Legislature Reinstates Work Search Requirement for Those Receiving Unemployment Benefits

A legislative committee has voted to end a temporary rule that suspended the work search requirement for people receiving unemployment insurance (UI) benefits. By a 6-4, party line vote on May 19, the Joint Committee for Review of Administrative Rules (JCRAR) ended the emergency rule promulgated by the Department of Workforce Development (DWD). Without committee action, the rule was set to expire July 10; now, the work search requirement will resume on Sunday, May 23.

At a JCRAR hearing the same day, DWD Secretary-designee Amy Pechacek testified in favor of the rule, saying that the agency’s staff was not ready to resume administering the requirement. Typically, Wisconsin requires UI applicants to certify that they have made at least four job searches in a week to receive benefits.

Republican legislators on the committee argued that employers are having trouble finding enough workers in part because widely available, easy-to-obtain UI benefits are keeping workers at home. In turn, Democratic committee members argued that revoking the emergency rule adds unnecessary complications to the UI application process and ignores the difficulties faced by some workers in securing childcare before they can return to work.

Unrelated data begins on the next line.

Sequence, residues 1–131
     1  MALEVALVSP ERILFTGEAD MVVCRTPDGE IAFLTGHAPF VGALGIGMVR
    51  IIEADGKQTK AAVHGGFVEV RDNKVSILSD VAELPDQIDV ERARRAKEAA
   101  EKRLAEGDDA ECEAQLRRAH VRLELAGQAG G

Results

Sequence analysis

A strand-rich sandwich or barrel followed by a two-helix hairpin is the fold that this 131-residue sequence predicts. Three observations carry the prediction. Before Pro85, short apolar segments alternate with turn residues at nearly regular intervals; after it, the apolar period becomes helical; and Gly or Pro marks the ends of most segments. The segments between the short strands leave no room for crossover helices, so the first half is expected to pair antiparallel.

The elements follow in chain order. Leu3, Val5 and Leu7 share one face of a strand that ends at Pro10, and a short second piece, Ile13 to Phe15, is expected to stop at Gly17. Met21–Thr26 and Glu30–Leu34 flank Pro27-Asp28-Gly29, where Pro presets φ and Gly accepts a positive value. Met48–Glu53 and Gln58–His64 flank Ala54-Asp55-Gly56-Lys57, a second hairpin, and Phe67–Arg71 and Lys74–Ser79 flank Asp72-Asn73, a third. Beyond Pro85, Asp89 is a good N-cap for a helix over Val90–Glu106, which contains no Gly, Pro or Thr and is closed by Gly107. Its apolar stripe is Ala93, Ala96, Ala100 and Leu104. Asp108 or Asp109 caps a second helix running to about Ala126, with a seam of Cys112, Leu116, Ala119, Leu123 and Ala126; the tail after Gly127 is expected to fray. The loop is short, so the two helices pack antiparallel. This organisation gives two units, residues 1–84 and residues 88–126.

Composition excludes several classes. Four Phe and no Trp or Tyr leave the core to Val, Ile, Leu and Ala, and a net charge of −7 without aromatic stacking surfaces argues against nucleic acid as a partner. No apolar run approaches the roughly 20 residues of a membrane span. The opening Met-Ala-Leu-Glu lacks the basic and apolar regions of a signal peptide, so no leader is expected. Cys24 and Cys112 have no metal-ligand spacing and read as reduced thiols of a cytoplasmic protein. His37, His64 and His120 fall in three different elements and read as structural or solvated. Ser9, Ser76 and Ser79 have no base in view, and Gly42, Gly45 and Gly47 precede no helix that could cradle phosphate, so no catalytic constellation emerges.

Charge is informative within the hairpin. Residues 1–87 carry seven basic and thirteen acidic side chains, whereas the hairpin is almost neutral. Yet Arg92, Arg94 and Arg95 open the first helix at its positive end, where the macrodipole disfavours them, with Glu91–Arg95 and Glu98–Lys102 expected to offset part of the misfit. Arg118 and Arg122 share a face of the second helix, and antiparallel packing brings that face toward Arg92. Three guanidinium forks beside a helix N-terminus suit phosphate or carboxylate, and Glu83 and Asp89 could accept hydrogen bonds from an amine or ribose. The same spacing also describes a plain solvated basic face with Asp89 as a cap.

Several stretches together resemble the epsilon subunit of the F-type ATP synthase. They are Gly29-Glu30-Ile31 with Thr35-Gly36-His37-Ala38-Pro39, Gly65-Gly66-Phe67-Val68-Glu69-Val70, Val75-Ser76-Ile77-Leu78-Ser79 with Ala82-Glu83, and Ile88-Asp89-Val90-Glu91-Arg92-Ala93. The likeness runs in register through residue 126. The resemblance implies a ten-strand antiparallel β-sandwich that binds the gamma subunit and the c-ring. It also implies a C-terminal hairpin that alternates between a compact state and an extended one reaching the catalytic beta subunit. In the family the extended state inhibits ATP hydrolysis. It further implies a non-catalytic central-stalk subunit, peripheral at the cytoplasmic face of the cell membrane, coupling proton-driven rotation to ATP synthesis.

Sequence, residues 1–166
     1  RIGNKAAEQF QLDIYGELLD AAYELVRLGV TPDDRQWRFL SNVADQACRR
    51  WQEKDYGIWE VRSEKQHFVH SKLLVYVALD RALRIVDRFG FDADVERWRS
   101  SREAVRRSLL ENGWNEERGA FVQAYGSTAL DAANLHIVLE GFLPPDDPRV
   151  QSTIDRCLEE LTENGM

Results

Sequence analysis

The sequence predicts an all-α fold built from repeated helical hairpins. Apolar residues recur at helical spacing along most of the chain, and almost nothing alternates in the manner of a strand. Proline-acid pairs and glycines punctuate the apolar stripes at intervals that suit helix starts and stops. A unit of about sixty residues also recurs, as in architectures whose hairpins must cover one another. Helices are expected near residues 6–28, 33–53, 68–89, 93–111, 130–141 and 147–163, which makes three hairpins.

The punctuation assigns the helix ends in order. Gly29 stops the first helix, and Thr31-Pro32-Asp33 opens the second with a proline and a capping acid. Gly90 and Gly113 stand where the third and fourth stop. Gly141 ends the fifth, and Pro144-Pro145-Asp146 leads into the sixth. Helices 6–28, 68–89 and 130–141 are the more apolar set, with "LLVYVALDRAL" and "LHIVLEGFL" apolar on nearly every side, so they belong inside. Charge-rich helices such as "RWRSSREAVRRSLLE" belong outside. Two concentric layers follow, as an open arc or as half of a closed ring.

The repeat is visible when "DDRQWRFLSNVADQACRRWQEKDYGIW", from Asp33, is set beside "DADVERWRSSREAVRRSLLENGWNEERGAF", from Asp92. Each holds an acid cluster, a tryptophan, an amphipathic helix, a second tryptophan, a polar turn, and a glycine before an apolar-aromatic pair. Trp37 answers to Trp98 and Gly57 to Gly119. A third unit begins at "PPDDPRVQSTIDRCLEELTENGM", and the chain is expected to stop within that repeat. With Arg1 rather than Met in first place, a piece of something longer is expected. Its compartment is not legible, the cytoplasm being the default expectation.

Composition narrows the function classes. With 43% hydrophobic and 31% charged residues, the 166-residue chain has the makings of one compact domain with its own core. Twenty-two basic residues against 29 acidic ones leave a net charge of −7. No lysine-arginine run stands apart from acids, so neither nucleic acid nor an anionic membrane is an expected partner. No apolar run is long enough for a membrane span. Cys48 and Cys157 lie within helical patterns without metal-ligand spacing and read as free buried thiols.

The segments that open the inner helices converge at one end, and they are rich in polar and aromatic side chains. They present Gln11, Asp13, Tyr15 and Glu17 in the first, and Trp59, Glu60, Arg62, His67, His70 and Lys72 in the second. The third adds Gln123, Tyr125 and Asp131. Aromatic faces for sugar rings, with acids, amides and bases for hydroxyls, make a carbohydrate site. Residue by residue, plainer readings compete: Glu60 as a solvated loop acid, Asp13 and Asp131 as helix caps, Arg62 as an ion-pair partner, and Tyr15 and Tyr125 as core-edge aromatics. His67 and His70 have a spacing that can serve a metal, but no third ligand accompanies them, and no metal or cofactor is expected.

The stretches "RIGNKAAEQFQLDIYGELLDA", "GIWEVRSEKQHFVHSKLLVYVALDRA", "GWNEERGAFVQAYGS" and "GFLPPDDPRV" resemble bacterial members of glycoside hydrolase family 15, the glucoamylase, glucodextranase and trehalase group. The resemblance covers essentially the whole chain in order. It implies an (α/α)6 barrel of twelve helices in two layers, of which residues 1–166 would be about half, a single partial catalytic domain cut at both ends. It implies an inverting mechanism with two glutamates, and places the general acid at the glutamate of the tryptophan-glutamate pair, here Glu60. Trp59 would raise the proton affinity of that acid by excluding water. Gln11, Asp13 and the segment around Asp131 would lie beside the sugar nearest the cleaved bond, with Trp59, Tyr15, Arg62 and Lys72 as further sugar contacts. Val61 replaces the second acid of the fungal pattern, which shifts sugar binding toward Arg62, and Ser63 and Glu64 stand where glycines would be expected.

Since early 2020, Wisconsin’s UI system has become a key political issue between the Republican-controlled Legislature and the administration of Democratic Governor Tony Evers. The emergence of COVID-19 and subsequent public health orders drove an influx of UI claims that DWD had difficulty processing in a timely manner, leading to a large backlog of claims. In his 2021 State of the State address, Gov. Evers called on the Legislature to take up his proposal to modernize the state’s UI system. The Legislature passed a compromise bill with some of the governor’s desired reforms, and DWD later secured a federal grant to fund the initial phase of updates.

In related news, on May 18, Assembly Speaker Robin Vos (R-Rochester) and Senator Howard Marklein (R-Spring Green) announced their plans for a bill to end Wisconsin’s participation in a federal UI supplement program that provides an extra $300 per week for those receiving unemployment benefits. The legislators argue that the federal supplement discourages people from returning to the workforce. Speaker Vos said he hopes the Legislature will vote on the bill in June.

Following that announcement, Gov. Evers questioned the legislators’ motives for the bill and cited Wisconsin’s tight labor market pre-pandemic as an explanation for employers’ issues finding enough workers. The governor is expected to veto the bill if it reaches his desk.

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